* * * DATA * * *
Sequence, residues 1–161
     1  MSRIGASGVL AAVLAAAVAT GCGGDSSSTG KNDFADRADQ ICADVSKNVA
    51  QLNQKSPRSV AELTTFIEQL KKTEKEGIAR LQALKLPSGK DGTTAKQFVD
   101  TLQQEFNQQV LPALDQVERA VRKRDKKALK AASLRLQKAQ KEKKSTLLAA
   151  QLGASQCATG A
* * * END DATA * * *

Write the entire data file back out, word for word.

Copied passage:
Sequence, residues 1–161
     1  MSRIGASGVL AAVLAAAVAT GCGGDSSSTG KNDFADRADQ ICADVSKNVA
    51  QLNQKSPRSV AELTTFIEQL KKTEKEGIAR LQALKLPSGK DGTTAKQFVD
   101  TLQQEFNQQV LPALDQVERA VRKRDKKALK AASLRLQKAQ KEKKSTLLAA
   151  QLGASQCATG A